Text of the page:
During 4 weeks, subjects eat a diet high in monounsaturated fatty acids and will have a duodenal gastroscopy and a kinetic study at the end of the 4-week period.

Other: Saturated fatty acids diet
During 4 weeks, subjects eat a diet high in saturated fatty acids and will have a duodenal gastroscopy and a kinetic study at the end of the 4-week period.




Primary Outcome Measures :
  1. Change in TRL apolipoprotein B48 (apoB-48) production rate. [ Time Frame: At week 4 and week 12 (at the end of the two 4-weeks diets) ]

Secondary Outcome Measures :
  1. Changes in duodenal expression of Niemann-Pick C1-like 1, Adenosine triphosphate-binding cassette transporters, Fatty Acid Binding Protein, Sterol Regulatory Element Binding Protein. [ Time Frame: At week 4 and week 12 (at the end of the two 4-weeks diets) ]
  2. Changes in duodenal expression of diacylglycerol acyltransferase, Acyl-CoA:cholesterol O-acyltransferase 2 and 3-hydroxy-methylglutaryl-CoA reductase. [ Time Frame: At week 4 and week 12 (at the end of the two 4-weeks diets) ]
  3. Change in synthesis of apoB-48 containing lipoproteins (Microsomal triglyceride transfer protein (MTP), apoB-48). [ Time Frame: At week 4 and week 12 (at the end of the two 4-weeks diets) ]


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Ages Eligible for Study:   18 Years to 60 Years   (Adult)
Sexes Eligible for Study:   All
Accepts Healthy Volunteers:   No
Criteria

Inclusion Criteria:

  • Men and women aged between 18-60 years
  • Waist circumference > 102 cm (men) and > 88 cm (women)
  • HDL-cholesterol < 1.1 mmol/L (men) and < 1.3 mmol/L (women)
  • Triglycerides > 1.7 mmol/L
  • Fasting blood glucose > 6.1 mmol/L
  • Normal blood pressure (<130/85)

Exclusion Criteria:

  • Men and women < 18 or > 60 years
  • Smokers (> 1 cigarette/day)
  • Body weight variation > 10% during the last 6 months prior to the study baseline
  • Subjects with a previous history of cardiovascular disease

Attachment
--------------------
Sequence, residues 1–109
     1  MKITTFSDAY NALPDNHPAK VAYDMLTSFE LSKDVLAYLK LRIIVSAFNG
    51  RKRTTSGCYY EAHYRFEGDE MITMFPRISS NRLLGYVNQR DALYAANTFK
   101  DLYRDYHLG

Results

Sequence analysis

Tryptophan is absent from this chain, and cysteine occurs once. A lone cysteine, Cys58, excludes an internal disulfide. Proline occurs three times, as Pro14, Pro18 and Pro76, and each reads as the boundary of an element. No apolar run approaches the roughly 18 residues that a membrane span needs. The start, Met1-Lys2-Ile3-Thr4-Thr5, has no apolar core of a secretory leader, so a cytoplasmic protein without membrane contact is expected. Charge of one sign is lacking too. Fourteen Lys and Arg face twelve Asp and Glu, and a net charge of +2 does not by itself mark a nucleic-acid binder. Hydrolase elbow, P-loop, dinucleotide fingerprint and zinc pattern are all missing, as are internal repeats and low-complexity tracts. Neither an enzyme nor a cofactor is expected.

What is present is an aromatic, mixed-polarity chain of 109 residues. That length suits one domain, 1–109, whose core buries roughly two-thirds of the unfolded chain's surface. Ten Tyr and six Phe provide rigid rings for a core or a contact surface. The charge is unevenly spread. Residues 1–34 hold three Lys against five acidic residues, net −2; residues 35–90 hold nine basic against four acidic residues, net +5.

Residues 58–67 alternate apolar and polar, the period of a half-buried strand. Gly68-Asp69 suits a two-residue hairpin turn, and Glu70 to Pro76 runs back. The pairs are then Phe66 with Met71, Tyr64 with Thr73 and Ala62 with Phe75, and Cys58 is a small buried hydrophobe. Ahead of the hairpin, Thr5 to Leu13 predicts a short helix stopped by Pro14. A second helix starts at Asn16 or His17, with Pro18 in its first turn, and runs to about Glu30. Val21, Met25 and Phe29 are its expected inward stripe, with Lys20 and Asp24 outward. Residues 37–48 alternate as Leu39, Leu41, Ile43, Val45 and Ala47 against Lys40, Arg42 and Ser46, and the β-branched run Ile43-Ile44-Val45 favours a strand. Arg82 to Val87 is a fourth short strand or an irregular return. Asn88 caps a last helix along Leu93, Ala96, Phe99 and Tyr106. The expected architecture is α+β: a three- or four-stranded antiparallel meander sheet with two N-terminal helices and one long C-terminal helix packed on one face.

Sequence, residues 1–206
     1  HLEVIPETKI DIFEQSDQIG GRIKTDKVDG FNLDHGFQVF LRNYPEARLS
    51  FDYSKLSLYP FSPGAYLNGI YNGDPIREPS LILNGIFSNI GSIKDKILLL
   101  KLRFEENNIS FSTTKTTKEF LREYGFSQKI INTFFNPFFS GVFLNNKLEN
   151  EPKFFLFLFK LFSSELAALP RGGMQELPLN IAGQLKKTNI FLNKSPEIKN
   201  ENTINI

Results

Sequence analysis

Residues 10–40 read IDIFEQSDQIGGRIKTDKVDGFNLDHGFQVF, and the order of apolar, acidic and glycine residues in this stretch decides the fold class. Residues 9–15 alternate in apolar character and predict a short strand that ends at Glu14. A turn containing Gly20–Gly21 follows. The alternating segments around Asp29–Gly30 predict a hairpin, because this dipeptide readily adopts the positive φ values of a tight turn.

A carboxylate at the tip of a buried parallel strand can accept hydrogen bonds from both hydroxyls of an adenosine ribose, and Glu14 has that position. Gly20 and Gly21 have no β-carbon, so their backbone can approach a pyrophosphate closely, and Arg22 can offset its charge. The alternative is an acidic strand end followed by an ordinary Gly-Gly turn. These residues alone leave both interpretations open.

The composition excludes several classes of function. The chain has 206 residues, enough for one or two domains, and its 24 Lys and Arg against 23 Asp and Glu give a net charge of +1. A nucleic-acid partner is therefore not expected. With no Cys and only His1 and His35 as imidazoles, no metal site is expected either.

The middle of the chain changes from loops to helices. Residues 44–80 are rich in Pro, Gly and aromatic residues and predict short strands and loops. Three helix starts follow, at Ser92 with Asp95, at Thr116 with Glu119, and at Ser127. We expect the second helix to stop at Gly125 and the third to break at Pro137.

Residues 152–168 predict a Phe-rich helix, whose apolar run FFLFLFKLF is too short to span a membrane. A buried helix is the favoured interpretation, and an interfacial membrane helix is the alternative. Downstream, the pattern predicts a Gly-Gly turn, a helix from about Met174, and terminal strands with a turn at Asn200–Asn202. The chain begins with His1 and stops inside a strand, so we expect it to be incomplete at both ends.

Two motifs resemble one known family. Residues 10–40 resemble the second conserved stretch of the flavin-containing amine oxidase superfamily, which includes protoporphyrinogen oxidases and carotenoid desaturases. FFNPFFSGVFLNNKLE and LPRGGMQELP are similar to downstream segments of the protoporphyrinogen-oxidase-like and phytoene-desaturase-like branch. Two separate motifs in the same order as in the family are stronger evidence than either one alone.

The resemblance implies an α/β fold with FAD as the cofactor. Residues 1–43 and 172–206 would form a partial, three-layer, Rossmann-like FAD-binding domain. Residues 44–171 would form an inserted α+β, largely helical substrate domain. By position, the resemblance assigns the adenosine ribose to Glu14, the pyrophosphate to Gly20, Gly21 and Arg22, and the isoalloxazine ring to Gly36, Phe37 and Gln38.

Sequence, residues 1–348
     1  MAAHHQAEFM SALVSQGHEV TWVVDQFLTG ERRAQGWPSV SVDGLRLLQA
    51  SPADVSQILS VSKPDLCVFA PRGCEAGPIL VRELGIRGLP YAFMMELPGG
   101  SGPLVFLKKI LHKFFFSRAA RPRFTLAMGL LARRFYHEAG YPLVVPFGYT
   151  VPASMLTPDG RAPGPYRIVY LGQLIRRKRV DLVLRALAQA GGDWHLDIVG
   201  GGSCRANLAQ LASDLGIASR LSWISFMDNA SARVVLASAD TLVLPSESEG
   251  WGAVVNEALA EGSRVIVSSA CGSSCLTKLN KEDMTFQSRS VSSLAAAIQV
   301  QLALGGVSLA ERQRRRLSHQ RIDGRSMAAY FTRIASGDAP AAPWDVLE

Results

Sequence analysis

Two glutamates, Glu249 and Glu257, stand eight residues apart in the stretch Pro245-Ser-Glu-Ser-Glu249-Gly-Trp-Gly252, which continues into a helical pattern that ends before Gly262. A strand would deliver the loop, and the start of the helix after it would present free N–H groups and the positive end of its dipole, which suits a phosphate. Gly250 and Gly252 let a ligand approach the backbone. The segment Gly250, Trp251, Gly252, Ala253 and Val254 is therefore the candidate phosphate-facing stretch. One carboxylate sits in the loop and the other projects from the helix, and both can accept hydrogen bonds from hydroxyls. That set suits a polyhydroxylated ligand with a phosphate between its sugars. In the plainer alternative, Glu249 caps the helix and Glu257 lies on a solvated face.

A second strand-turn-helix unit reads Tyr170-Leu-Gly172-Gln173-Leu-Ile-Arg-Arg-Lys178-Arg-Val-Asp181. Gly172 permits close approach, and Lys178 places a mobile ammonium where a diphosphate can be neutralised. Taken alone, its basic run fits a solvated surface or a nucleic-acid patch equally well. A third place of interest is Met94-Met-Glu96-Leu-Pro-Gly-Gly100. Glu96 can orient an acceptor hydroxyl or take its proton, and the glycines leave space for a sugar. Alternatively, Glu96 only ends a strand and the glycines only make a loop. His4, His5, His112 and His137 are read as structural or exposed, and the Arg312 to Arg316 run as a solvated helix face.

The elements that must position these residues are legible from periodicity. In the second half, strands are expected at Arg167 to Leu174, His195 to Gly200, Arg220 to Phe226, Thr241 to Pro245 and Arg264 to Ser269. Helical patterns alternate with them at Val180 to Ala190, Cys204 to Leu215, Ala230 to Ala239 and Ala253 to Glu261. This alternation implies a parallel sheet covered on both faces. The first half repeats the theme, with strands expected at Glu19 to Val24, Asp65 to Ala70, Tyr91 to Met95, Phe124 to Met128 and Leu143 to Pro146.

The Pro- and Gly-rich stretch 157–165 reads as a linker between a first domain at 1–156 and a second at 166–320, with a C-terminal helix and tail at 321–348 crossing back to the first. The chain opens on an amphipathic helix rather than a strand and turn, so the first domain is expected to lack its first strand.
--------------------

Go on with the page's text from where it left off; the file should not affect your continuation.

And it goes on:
• Subjects with type 2 diabetes
  • Subjects with a monogenic dyslipidemia
  • Subjects on hypertension medications or medications known to affect lipoprotein metabolism or the integrity of gastrointestinal mucosa
  • Subjects with endocrine or gastrointestinal disorders
  • History of alcohol or drug abuse within the past 2 years
  • Subjects who are in a situation or have any condition that, in the opinion of the investigator, may interfere with optimal participation in the study.

Information from the National Library of Medicine

To learn more about this study, you or your doctor may contact the study research staff using the contact information provided by the sponsor.

Please refer to this study by its ClinicalTrials.gov identifier (NCT number): NCT03872349


Contacts
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Contact: Patrick Couture, MD, FRCP, PhD 418-654-2106 patrick.couture@crchul.ulaval.ca
Contact: André Tremblay, PhD 418-656-2131 ext 411417 andre.tremblay@fsaa.ulaval.ca

Locations
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Canada
Institute of Nutrition and Functional Foods (INAF) Not yet recruiting
Quebec, Canada, G1V 0A6
Contact: Patrick Couture, MD, FRCP,PhD    418-654-2106    patrick.couture@crchul.ulaval.ca   
Contact: André Tremblay, PhD    418-656-2131 ext 411417    andre.tremblay@fsaa.ulaval.ca   
Principal Investigator: Patrick Couture, MD,FRCP,PhD         
Sub-Investigator: André Tremblay, PhD         
Sponsors and Collaborators
Laval University
Canadian Institutes of Health Research (CIHR)
Investigators
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Principal Investigator: Patrick Couture, MD, FRCP, PhD Laval University

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Responsible Party: Patrick Couture, Principal Investigator, Laval University
ClinicalTrials.gov Identifier: NCT03872349     History of Changes
Other Study ID Numbers: INAF-MUFA
First Posted: March 13, 2019    Key Record Dates
Last Update Posted: March 13, 2019
Last Verified: March 2019
Individual Participant Data (IPD) Sharing Statement:
Plan to Share IPD: No

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Studies a U.S. FDA-regulated Drug Product: No
Studies a U.S. FDA-regulated Device Product: No
Additional relevant MeSH terms:
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Metabolic Syndrome
Insulin Resistance
Hyperinsulinism
Glucose Metabolism Disorders
Metabolic Diseases
Insulin
Hypoglycemic Agents
Physiological Effects of Drugs